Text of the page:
If politicians weren’t popular, we’d get so much more done.

8 08 2014

“Popularity should be no scale for the election of politicians.  If it would depend on popularity, Donald Duck and the Muppets would take seats in senate.” ~ Orson Welles

As much as it pains me to say this, politicians are also supposed to be leaders.  Maybe the reason that so many of the political institutions in the world are dysfunctional is because elected leadership has become a popularity contest.  In the corporate world, leaders are NOT elected based on popularity.  Leaders should be HIRED because they do one thing well, above all others – Achieve Results.  Other leaders, like corrupt government officials, use their job to benefit themselves, not the people they’re hired to represent.  See any of the many eastern governments and all the talk of corruption.  But let’s get back to achieving results. 

Sometimes, achieving results makes a leader un-popular.  Having to force mandatory overtime, denying time off requests, making team members learn a new technology (for some, a very uncomfortable prospect indeed), cutting costs to make the budget balance – these are all good ways to become un-popular very quickly.  Great leaders find ways to make the discomfort around achieving results a little less uncomfortable, but discomfort is a frequent side-effect of progress.  It’s important for line leaders to understand that being successful and being friends with your team are usually at opposite ends of the spectrum.  It’s just as important for these same leaders to understand the reasons why their leaders don’t “hang out” and be “one of the guys”.  These leaders understand that they’ll likely have to ask their team to do uncomfortable things to achieve results – they may even have to fire them someday.  Seeing this dynamic both down and up the chain of command will hopefully make it easier on your relationship both ways, and ease a bit of that discomfort.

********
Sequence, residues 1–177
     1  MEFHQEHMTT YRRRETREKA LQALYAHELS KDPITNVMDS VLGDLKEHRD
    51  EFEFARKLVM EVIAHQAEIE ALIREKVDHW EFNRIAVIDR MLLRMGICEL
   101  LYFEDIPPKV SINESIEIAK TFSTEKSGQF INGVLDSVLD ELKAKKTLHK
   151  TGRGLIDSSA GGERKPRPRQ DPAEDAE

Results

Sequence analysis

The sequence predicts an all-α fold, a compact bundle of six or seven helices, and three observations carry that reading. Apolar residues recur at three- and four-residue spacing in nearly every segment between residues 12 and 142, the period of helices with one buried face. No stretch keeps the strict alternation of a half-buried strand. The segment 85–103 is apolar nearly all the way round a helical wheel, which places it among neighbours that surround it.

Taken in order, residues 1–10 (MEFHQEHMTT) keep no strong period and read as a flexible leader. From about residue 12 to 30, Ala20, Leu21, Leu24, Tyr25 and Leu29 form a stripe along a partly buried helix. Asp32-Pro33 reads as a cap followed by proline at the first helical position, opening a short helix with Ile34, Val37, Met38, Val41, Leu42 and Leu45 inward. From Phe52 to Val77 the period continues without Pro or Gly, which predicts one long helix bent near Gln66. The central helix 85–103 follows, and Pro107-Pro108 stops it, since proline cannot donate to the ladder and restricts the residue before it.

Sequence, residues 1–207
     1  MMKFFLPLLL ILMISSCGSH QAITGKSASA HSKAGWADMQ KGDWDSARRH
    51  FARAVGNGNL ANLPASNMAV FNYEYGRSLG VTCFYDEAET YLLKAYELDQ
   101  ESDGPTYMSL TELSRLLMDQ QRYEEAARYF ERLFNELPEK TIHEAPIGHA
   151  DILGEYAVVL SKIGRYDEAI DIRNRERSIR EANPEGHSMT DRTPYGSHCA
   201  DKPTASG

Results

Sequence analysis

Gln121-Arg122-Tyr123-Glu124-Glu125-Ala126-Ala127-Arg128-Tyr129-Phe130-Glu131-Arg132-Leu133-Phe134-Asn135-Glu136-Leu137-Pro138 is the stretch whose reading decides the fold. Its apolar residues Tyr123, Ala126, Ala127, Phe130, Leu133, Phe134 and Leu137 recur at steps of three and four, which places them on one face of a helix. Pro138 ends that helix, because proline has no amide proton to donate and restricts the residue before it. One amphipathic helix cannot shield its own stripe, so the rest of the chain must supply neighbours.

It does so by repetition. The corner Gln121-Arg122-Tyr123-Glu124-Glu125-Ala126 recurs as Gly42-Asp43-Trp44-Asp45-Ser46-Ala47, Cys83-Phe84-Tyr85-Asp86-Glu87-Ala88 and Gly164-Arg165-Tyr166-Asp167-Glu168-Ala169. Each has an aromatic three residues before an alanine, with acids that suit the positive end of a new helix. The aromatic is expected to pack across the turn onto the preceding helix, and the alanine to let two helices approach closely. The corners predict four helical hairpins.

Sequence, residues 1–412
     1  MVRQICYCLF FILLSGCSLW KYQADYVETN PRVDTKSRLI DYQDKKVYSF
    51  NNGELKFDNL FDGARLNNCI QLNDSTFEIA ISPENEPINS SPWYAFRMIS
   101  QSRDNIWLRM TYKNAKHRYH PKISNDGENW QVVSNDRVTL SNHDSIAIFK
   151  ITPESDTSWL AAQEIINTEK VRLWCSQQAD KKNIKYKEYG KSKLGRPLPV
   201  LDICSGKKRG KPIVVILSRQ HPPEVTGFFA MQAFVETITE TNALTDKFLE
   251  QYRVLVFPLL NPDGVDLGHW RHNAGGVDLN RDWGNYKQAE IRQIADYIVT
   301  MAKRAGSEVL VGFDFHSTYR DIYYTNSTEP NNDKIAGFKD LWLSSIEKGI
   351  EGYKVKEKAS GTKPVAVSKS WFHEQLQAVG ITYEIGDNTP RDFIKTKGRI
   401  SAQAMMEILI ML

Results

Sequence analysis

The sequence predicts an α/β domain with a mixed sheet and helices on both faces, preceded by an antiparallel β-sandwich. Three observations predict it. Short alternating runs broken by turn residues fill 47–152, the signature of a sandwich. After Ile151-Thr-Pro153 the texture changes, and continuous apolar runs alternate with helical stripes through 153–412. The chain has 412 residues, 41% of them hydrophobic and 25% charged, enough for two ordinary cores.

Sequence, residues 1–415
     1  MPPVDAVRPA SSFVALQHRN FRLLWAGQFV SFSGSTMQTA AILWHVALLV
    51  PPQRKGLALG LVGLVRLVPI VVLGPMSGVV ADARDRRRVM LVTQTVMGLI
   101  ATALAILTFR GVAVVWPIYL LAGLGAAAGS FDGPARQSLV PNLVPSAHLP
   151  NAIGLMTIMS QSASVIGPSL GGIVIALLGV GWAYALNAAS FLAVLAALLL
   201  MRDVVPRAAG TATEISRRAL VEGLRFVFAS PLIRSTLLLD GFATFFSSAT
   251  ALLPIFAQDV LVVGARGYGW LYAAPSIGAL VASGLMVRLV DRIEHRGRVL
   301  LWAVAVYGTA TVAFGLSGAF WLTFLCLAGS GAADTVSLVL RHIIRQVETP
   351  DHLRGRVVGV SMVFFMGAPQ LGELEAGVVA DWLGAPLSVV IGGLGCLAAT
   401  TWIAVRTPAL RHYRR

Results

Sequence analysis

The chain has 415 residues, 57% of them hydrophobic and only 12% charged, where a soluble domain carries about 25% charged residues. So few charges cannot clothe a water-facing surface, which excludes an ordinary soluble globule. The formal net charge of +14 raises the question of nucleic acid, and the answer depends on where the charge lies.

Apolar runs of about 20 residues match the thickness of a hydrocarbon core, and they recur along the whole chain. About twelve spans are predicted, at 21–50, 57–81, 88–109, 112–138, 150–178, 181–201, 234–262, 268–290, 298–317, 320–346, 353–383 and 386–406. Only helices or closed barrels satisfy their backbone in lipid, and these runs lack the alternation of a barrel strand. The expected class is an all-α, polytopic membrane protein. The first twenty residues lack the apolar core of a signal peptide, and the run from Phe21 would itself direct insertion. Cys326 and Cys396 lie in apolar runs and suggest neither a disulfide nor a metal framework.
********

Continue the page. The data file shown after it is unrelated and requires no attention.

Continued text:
Speaking of Duck


Rubes cartoons used with permission. www.rubescartoons.com




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